Four hundred women and men from forcibly displaced and host communities in Iraq complete Work-Based Learning programmes

Implemented by ILO under the PROSPECTS Partnership, the programmes covered 18 occupations, involving 60 enterprises and enterprise owners, and an array of government and social partners, who provided youth with the necessary market-relevant skills that support their transition to decent work.

Article | 25 October 2023
Work-Based Learning graduates in Duhok
Duhok and Mosul (ILO News) Graduation ceremonies were held for 400 women and men who have completed Work-Based Learning programmes in Duhok and Mosul, equipping them with skills that support their transition to decent work.

Work-Based Learning is learning that occurs when people do real work that leads to the production of real goods and services.

The ILO has joined forces with tripartite constituents to promote Work-Based Learning programmes for host communities, Syrian refugees, and Internally Displaced Persons (IDPs) in Duhok and Ninewa.

This includes partnerships with the Ministry of Labour and Social Affairs in the Kurdistan Region of Iraq, the Department of Labour and Social Affairs in Ninewa, governmental Vocational Training Centres in Duhok and Ninewa, the Chamber of Industry in Ninewa, the Youth Directorates and centres in Duhok and Ninewa, the Trade Union in Duhok, and the Chamber of Commerce in Duhok.

Work-Based Learning graduates in Mosul
Implemented in close collaboration with Caritas Czech Republic, these programmes are part of broader efforts under the PROSPECTS Partnership, funded by the Government of the Netherlands, which supports education, employment and protection in the context of forced displacement.

“The collaboration between the Ministry of Labour and Social Affairs, the International Labour Organization and the Caritas Czech Republic is an important one, covering all areas of vocational training. The Work-Based Learning programme is among these areas. This programme has a significant impact on engaging and integrating job seekers into the labour market,” said Mohammed Zuhair, Deputy Director of the Department of Labour and Vocational Training in Ninewa. “Through this collaboration, we built the capacities and qualifications of the trainers and mentors, with the aim to improve their level of training and develop Work-Based Learning programmes, based on the needs of the labour market.”

Youth from Mosul
“One of the most important aspects of the programme was that the trainings took place in the real workplace, where the employers and crafts people turned into trainers for the trainees, in addition to our vocational trainers who designed the learning programme with the employers and ensured intensive monitoring of the learning process,” said Nebar Abdulstar, Director of the Vocational Training Centre in Duhok. “For the implementation of future programmes, we will come up with suggestions and address any challenges to ensure even better services are provided for our youth.”

Eighteen occupations related to agriculture, food production, sales, tourism, green works, digital, crafts and related trades were covered under the programmes, involving 60 enterprises and enterprise owners, as well as technical working groups consisting of in-company trainers (crafts people), vocational trainers, mentors, and coordinators, tasked with designing the programmes, training plans and evaluation tools, and ensuring close follow-up and monitoring of the trainees during the implementation process.

Youth and enterprise owners engaged in the Work-Based Learning programme in Duhok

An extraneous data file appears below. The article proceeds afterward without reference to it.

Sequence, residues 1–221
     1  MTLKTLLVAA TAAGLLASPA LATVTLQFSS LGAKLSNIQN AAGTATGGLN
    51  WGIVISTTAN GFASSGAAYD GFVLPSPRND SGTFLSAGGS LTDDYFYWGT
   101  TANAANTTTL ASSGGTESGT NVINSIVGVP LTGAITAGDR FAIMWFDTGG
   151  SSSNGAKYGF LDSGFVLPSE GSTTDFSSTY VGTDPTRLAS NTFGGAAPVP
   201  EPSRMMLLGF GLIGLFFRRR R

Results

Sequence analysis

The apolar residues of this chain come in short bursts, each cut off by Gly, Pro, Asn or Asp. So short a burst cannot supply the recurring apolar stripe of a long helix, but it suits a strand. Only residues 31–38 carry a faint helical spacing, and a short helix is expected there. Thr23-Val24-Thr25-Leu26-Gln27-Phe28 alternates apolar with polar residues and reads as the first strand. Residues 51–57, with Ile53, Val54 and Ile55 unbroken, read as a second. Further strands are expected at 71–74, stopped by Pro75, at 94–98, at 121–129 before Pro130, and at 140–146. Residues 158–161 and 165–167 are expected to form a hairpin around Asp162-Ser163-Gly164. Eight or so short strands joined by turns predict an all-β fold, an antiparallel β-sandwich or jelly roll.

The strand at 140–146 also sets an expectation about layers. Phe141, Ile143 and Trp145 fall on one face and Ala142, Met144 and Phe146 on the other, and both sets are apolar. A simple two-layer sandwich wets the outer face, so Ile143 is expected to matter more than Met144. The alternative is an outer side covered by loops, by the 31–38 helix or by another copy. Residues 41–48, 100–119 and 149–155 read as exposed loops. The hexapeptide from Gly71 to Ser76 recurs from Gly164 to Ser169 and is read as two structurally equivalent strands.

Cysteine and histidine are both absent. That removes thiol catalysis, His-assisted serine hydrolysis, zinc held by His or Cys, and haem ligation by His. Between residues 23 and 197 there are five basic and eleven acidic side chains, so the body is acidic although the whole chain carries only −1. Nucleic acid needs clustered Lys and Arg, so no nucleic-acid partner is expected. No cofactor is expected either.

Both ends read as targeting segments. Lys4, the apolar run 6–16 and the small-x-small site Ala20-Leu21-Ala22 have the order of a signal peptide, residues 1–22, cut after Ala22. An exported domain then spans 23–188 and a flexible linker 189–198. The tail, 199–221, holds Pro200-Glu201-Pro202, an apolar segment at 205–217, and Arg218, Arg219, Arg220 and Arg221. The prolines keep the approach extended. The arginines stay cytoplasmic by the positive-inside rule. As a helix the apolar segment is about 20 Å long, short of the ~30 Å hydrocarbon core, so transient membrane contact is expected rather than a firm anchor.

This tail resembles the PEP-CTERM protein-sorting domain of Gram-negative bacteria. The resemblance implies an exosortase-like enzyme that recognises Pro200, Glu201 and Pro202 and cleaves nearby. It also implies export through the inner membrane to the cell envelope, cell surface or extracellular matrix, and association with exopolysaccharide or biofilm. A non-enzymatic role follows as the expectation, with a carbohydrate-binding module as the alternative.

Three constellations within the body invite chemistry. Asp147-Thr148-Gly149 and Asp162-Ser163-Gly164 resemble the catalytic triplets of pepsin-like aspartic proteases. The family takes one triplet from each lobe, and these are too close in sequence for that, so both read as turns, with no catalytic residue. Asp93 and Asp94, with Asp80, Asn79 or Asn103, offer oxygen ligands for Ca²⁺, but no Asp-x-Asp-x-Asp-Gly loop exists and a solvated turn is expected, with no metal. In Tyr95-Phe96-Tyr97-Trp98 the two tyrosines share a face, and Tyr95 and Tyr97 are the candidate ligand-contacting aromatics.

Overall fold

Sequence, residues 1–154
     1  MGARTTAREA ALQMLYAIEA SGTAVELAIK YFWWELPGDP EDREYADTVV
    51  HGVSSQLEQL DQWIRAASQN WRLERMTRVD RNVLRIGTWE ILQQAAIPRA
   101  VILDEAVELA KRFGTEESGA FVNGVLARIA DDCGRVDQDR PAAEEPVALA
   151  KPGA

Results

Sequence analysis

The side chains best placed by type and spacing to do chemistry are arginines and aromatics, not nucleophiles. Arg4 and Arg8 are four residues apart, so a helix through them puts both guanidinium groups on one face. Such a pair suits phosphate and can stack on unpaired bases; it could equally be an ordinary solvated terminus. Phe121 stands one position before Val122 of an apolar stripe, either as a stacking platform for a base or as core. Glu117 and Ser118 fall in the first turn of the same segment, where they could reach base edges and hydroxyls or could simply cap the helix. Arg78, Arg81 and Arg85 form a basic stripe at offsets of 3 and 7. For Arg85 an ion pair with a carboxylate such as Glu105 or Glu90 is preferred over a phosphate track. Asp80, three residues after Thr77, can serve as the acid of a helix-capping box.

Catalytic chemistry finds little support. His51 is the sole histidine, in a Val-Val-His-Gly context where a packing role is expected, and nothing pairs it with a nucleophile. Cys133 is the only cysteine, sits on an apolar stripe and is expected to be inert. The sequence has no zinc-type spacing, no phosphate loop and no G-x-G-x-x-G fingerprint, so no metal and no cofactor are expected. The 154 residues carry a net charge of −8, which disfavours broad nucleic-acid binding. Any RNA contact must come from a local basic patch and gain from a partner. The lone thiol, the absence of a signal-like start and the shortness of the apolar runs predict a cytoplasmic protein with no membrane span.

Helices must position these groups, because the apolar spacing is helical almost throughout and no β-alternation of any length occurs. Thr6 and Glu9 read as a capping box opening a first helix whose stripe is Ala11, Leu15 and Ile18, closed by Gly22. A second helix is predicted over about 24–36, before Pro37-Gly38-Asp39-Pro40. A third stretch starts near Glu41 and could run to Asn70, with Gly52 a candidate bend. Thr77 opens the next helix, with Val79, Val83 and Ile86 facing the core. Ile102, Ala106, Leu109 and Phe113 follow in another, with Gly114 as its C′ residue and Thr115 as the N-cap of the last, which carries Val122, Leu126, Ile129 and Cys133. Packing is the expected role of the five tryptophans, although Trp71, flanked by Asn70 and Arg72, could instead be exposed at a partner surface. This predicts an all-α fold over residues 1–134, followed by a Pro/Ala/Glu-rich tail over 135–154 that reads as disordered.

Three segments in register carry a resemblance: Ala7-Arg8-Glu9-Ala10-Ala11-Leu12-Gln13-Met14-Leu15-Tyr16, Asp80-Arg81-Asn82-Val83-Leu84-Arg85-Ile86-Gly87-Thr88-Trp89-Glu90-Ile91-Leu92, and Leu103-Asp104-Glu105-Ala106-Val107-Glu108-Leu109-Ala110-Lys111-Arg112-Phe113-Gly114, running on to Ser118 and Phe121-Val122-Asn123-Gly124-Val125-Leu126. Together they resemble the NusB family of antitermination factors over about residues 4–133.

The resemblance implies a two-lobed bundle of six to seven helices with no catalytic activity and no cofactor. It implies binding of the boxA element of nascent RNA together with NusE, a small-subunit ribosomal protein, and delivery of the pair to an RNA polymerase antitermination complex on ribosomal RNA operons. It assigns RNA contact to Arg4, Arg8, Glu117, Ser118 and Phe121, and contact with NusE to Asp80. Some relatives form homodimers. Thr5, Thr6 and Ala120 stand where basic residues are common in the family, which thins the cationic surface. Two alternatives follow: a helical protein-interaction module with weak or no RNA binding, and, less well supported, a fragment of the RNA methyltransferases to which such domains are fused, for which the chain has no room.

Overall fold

“These Work-Based Learning programmes create greater linkages for our trainees with the labour market and the private sector, which improve the training quality and relevance to the needs of the labour market, and enhance trainees’ employability,” said Yasser Ali, Skills Technical Officer at the ILO. “Each one of our partners has had a specific role to play in this programme, and we hope that through these partnerships we will be able to implement more such programmes, where trainees are not only trained in vocational training centres but in real work environments allowing them to gain real skills which are relevant in today’s labour market.”

Farah Ismail
Half of the trainees involved in the programme were women. Farah Ismail, who completed her one-month training at a dairy enterprise in Ninewa, was one of them. “I have learnt how to make cheese and dairy products. I have also gained skills in accounting management and how to calculate profits and losses,” said Farah. “This programme has increased my self-confidence, taught me how to better manage my time, and provided me with an income.”

Jowan Sheikh Mous Mahmo
Syrian Jowan Sheikh Mous Mahmo, who completed his training at a solar panel enterprise, said: “The training was one of best training programmes I have been involved with, because there was follow-up. There was intensive monitoring of our learning process. When my financial situation allows, I will start my own business in this field.”

Moving forward, the ILO aims to expand the WBL programmes through additional pilots, informing the development of a national framework for Work-Based Learning and apprenticeships, based on the new recommendation on quality apprenticeships adopted by The International Labour Conference.

The PROSPECTS Partnership operates in eight countries across the East and the Horn of Africa and the Middle East. In Iraq, ILO’s focus under the Partnership, is on supporting thousands of forcibly displaced persons and host community members to access more and better livelihoods and decent job opportunities. It is doing so through an integrated approach that supports market-driven skills training; improves public employment services; promotes financial inclusion; and supports business start-ups and micro, small, and medium-sized enterprises (MSMEs).